His lecture at Rhodes, which is part of the college’s “Communities in Conversation” lecture series, will examine the origins of the Memphis riot, describe its horrific violence, assess its significance in American history, and especially its importance to Memphis as a city. This event is free and open to the public and will be
followed by a book signing.
Ash’s book gives a portrait of Memphis as a southern city in the immediate aftermath of the civil war. It was a
time when racial tensions were high and there was talk of the Emancipation Proclamation as an abomination
by “Rebel Memphis” and their Irish supporters. Most whites resented the influx of blacks into the city and
especially the presence of black federal troops and Yankees who had come to assist the recently freed
slaves. By spring of 1866, tensions were high and riots and racially incited murder ensued. Congress
eventually blamed them on “the intense hatred of the freed people by the city’s whites, especially the Irish — a hatred stoked by the Rebel newspapers.”
“Meticulous . . . Ash offers remarkable portraits of ordinary Memphians . . . caught up in the tumult of their
time . . . riveting.”— Kirkus (starred review)
“This detailed account of the lengthy riot and its reverberations surges at the reader . . . For those who want
to understand the roots of America's racial issues, Ash's captivating and thoughtful book offers explanations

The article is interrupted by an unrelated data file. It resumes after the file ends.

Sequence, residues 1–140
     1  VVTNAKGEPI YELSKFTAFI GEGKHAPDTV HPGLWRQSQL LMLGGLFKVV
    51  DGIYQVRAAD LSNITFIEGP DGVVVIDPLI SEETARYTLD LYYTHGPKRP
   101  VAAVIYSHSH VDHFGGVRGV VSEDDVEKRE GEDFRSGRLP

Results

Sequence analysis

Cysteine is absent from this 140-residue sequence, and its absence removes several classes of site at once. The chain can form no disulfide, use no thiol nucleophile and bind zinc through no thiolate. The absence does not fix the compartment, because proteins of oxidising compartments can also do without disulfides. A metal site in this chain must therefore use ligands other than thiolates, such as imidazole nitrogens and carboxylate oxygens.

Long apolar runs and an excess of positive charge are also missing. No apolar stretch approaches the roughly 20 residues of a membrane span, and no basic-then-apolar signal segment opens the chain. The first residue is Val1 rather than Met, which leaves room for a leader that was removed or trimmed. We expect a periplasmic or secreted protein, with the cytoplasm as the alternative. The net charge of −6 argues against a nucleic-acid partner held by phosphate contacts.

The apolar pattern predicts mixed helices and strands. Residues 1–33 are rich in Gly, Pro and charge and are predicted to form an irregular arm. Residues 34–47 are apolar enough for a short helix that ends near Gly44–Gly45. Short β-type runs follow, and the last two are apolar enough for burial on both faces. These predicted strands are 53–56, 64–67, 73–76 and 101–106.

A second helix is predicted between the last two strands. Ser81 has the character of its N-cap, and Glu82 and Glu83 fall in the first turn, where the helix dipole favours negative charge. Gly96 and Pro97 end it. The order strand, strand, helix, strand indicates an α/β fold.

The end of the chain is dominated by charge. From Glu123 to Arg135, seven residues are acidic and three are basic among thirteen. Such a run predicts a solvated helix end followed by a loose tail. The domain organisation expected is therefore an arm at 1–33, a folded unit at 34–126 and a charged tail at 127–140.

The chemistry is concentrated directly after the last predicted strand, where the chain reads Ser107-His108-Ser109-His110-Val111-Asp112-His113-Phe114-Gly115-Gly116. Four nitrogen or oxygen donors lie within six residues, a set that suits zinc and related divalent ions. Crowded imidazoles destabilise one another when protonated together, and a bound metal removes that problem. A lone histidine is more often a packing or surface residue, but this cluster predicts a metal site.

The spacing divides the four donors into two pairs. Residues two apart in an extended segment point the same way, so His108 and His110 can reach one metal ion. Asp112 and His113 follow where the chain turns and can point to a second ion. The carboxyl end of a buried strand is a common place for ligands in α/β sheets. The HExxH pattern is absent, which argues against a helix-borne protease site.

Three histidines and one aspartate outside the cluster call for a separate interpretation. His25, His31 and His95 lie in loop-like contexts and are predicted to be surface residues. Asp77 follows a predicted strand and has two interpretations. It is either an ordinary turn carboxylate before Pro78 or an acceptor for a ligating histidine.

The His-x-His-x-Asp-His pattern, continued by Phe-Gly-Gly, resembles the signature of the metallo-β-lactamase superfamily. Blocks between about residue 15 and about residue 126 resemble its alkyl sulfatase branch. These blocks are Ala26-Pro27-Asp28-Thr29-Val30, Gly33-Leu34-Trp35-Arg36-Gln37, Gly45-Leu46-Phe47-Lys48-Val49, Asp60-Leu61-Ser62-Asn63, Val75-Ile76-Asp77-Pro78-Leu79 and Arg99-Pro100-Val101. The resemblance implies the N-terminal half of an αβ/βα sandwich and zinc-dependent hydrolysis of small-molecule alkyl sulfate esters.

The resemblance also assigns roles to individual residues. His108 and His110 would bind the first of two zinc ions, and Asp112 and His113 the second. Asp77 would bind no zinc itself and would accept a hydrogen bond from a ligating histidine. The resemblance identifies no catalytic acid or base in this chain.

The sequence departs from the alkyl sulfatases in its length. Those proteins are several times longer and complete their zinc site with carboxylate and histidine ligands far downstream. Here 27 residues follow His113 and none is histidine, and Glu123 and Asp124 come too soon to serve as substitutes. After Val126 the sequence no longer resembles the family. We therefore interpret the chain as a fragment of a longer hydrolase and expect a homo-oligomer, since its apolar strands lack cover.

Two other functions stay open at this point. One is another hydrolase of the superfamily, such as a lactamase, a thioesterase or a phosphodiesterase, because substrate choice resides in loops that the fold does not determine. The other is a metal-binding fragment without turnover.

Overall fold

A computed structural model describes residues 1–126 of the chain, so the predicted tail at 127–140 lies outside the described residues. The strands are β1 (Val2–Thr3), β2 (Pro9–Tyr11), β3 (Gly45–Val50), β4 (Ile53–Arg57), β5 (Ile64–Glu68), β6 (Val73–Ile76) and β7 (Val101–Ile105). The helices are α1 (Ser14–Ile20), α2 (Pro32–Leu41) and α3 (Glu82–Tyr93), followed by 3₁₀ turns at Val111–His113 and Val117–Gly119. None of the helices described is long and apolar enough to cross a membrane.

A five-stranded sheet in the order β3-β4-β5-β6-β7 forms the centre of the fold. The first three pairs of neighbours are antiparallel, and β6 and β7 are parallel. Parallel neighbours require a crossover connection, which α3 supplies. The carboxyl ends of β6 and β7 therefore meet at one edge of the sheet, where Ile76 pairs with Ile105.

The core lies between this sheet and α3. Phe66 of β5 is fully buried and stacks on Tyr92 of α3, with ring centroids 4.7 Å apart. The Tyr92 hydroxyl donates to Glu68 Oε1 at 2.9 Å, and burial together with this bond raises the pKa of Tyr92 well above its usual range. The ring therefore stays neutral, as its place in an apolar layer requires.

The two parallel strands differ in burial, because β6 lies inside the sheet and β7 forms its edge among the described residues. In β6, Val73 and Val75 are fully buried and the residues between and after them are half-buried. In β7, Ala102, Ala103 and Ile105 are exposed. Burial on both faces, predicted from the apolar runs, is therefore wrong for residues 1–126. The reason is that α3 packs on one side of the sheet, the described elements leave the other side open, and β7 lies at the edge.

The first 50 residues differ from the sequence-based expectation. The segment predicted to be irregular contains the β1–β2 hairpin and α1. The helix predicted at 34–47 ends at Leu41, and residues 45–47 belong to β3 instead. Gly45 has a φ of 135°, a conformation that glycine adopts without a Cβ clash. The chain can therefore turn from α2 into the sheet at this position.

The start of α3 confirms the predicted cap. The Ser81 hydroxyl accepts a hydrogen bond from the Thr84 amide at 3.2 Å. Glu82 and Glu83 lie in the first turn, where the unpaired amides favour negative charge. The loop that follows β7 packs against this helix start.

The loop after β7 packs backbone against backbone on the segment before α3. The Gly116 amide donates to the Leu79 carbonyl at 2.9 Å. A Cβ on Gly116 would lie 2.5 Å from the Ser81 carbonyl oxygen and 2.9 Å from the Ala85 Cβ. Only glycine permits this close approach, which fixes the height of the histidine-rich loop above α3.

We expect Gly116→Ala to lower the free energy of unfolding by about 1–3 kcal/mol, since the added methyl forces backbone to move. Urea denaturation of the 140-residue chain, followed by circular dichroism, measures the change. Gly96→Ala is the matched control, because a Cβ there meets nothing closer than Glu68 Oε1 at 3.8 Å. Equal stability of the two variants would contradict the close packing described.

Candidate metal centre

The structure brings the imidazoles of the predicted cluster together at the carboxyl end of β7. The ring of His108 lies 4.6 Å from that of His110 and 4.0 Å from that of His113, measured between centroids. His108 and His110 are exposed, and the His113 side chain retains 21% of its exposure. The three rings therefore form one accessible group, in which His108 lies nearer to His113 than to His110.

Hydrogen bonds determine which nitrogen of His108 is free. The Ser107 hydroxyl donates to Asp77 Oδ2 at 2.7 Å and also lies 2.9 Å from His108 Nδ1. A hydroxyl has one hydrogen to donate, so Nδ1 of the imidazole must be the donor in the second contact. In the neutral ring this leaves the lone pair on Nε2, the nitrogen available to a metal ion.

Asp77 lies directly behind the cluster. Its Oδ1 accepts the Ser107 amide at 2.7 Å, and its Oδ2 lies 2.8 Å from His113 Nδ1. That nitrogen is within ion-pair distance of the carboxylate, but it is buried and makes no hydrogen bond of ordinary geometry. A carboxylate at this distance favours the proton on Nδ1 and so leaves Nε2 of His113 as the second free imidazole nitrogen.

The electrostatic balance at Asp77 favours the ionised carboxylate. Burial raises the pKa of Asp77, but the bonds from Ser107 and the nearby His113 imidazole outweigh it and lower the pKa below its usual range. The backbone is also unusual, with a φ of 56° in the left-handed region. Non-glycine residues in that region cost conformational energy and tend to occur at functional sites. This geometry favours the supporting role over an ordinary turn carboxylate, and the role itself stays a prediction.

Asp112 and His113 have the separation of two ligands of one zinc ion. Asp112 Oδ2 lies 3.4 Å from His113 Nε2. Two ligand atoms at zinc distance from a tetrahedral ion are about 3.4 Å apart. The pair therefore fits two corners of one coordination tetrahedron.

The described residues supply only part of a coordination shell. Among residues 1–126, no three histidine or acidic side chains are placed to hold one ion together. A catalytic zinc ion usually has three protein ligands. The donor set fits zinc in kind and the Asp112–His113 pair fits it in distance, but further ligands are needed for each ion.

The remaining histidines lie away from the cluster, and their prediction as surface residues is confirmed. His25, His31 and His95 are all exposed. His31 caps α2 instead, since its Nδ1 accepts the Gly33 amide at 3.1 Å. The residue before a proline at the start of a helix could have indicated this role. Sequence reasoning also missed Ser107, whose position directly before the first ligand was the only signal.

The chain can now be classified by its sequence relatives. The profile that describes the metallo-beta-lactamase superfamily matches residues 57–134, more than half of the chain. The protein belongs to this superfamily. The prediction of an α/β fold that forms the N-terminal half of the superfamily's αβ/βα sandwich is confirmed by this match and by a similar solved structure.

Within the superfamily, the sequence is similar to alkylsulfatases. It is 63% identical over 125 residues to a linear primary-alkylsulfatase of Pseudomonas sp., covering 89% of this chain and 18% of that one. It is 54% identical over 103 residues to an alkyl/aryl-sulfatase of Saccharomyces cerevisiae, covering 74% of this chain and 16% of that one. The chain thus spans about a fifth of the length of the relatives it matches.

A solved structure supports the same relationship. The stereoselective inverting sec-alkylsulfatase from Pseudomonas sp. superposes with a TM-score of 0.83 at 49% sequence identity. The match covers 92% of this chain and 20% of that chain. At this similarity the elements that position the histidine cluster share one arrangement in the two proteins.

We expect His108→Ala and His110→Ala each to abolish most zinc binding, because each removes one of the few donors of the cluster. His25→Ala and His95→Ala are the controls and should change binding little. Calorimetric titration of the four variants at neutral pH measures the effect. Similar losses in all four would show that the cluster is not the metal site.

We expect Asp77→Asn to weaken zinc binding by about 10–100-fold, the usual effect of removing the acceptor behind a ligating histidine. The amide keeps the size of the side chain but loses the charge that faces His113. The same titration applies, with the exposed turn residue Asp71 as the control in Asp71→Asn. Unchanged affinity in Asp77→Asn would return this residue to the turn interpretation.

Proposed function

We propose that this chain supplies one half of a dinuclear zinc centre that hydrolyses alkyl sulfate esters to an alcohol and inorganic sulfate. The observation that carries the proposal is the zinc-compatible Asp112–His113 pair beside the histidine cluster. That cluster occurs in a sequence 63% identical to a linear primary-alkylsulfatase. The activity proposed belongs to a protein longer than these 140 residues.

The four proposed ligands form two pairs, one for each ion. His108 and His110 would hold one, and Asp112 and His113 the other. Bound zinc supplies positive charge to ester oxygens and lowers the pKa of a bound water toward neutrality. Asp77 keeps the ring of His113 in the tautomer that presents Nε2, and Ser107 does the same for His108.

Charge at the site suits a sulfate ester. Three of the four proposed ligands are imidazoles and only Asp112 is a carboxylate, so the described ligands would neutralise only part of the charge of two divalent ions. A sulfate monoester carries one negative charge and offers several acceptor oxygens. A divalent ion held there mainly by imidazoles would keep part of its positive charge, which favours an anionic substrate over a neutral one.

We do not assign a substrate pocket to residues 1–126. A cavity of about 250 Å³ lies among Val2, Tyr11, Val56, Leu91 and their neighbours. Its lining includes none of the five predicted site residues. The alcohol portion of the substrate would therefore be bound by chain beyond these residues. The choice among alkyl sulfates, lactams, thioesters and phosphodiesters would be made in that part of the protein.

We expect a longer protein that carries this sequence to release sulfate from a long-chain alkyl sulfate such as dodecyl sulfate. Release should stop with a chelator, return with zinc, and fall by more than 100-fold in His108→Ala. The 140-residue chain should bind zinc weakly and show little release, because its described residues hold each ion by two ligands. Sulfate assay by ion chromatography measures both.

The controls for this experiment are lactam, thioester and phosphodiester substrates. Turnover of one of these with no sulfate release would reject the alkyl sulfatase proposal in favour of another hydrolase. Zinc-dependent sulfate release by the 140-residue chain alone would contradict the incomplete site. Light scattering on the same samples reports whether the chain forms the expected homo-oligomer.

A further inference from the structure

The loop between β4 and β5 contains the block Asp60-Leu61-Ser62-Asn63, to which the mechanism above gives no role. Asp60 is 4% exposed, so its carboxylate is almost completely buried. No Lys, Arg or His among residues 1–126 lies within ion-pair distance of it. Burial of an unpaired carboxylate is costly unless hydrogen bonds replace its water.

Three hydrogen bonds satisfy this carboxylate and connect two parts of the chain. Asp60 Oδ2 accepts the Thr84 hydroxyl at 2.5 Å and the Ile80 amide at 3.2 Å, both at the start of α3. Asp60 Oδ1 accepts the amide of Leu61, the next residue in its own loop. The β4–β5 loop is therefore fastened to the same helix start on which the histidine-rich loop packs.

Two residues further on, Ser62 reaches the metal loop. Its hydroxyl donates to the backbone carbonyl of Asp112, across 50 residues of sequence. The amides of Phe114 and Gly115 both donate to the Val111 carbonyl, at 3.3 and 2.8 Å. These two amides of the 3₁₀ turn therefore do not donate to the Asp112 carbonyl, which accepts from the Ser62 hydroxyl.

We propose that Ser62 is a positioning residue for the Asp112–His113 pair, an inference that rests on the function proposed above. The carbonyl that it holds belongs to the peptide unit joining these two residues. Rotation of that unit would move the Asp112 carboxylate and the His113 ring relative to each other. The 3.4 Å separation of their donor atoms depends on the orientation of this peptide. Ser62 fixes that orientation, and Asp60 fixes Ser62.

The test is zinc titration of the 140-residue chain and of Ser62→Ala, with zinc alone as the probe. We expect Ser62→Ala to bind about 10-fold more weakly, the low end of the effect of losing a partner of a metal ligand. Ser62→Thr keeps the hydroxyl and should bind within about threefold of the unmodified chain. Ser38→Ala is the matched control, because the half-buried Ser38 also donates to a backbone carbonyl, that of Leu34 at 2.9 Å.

and raises many new questions.” — Publishers Weekly
The Memphis Massacre is one of the best-documented episodes of American history in the nineteenth
century. And yet it remains little known today, even by Memphians. This event is part of a semester-long
effort to commemorate the Memphis Massacre, headed up by University of Memphis historians Beverly Bond
and Susan O’Donovan. They are working with a slew of community partners, including the National Park
Service and the Tennessee Civil War National Heritage Area, and Humanities Tennessee. The goal of this
communal series of events is to shatter the silence about the Memphis Massacre and to mark this moment
as a turning point in Memphis, Southern, and American history. Ash’s lecture will be an important occasion in
this set of events.
Ash was awarded the UT Alexander Prize for Distinguished Research and Teaching in 2005, and the UT
Chancellor’s Award for Research and Creative Achievement in 2004. Rhodes College is excited to have him
deepen our understanding of the history of our city.